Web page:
Author(s): David Foster Wallace
An instant classic of American sportswriting--the tennis essays of David Foster Wallace, "the best mind of his generation" (A. O. Scott) and "the best tennis-writer of all time" (New York Times)
Both a onetime "near-great junior tennis player" and a lifelong connoisseur of the finer points of the game, David Foster Wallace wrote about tennis with the authority of an insider, the showmanship of a literary pyrotechnician, and disarming admiration of an irrepressible fan. Including his masterful profiles of Roger Federer and Tracy Austin, String Theory gathers Wallace's five famous essays on tennis, pieces that have been hailed by sportswriters and literary critics alike as some of the greatest and most innovative magazine writing in recent memory. Whiting Award-winning journalist John Jeremiah Sullivan provides an introduction.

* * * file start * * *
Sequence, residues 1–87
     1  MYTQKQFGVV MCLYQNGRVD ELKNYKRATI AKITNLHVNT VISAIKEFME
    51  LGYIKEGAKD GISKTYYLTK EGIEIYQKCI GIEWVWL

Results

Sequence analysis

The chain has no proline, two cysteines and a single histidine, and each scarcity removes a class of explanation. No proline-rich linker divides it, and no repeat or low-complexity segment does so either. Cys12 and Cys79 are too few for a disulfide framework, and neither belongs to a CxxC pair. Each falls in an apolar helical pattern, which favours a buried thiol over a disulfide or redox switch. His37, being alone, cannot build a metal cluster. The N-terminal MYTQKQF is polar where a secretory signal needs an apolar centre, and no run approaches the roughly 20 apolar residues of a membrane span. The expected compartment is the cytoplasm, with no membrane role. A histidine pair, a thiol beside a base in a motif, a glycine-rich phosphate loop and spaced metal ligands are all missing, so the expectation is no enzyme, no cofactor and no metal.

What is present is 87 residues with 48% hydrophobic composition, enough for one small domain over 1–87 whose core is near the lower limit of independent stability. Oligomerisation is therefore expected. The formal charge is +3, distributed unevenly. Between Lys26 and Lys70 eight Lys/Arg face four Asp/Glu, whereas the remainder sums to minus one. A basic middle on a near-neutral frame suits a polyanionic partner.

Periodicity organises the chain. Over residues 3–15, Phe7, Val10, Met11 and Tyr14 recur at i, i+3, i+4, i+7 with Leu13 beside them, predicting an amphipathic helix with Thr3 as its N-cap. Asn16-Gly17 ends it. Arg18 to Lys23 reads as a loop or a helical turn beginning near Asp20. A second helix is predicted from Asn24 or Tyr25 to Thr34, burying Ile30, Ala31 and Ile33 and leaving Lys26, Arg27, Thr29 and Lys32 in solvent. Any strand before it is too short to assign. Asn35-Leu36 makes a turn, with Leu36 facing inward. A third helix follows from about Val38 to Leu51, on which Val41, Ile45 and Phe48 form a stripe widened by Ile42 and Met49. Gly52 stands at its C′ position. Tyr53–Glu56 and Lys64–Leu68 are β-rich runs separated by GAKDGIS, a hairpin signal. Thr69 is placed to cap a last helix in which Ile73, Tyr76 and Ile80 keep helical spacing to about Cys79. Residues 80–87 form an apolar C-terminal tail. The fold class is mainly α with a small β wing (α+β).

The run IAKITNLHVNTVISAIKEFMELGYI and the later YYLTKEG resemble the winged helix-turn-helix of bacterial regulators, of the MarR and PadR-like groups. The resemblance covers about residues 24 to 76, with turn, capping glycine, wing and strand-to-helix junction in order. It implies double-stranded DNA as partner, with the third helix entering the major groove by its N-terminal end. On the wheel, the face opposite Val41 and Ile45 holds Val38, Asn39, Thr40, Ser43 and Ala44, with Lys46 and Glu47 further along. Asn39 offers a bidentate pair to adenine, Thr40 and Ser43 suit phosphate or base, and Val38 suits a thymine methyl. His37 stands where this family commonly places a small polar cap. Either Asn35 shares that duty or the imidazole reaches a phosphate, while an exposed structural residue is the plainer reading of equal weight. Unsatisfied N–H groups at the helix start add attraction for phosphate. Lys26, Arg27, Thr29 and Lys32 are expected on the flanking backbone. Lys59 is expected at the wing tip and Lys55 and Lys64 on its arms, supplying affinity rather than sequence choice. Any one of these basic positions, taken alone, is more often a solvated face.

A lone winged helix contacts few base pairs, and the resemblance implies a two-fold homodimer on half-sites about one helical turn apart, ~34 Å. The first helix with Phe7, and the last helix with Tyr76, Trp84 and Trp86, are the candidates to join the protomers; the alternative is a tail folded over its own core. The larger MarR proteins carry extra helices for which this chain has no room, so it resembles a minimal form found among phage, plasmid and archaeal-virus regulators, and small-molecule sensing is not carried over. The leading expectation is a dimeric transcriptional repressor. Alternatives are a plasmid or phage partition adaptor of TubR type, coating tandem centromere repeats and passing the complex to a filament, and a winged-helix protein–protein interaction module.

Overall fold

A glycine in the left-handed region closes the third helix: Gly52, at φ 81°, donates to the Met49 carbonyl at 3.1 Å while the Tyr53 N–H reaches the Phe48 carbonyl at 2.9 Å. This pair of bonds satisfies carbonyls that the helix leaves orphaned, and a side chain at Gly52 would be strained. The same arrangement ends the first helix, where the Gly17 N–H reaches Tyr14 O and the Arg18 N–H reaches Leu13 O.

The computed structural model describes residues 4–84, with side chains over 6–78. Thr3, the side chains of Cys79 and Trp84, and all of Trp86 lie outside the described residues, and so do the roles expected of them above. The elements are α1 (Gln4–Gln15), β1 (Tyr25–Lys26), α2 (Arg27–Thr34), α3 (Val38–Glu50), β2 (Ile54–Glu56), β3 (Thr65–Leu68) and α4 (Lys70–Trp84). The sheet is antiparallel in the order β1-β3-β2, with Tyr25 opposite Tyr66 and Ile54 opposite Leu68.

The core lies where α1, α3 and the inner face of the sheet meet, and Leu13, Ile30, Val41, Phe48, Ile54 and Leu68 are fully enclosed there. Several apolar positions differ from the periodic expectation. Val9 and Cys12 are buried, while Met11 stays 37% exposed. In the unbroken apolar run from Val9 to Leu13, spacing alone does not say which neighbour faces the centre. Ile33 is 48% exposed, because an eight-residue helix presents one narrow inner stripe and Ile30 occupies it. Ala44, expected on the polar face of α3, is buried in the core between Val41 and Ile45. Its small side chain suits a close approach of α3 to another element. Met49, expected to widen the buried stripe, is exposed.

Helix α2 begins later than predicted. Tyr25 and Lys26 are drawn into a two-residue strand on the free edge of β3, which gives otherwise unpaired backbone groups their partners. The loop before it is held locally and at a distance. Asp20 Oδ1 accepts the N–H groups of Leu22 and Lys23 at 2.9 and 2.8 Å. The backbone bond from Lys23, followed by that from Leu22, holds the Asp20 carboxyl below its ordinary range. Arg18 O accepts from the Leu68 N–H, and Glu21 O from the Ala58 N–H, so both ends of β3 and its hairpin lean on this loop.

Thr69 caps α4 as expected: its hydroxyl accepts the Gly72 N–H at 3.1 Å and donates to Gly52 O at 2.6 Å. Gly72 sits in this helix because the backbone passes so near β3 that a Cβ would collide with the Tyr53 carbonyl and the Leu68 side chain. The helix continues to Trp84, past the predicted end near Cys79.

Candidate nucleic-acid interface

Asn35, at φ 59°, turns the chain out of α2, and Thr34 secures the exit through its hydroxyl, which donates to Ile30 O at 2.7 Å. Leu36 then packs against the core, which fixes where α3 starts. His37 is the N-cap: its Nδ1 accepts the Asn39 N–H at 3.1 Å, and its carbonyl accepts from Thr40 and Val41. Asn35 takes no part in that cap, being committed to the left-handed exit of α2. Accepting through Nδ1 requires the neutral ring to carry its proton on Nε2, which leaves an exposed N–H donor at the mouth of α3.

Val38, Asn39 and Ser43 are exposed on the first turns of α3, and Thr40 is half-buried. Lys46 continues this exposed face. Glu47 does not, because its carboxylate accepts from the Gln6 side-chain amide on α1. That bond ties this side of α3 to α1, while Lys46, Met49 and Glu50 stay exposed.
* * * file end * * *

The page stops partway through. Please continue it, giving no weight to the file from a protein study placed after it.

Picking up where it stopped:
David Foster Wallace (1962 2008) was born in Ithaca, New York, in 1962 and raised in Champaign-Urbana, Illinois, where in his teens he was a regionally ranked junior tennis player. His works include"Infinite Jest," "Girl with Curious Hair, Brief Interviews with Hideous Men, Oblivion, ""A Supposedly Fun Thing I ll Never Do Again," and"Consider the Lobster. "His final novel, "The Pale King," was posthumously published in 2011. John Jeremiah Sullivanis one of America s leading practitioners of the long-form magazine profile, with work appearing in "The New York Times Magazine"(where he is a staff writer), "Harper s"(of which he is a contributing editor), "The New Yorker, New York, Oxford American, GQ, "and other magazines. He is the author of"Blood Horses: Notes of Sportswriter s Son "and"Pulphead.""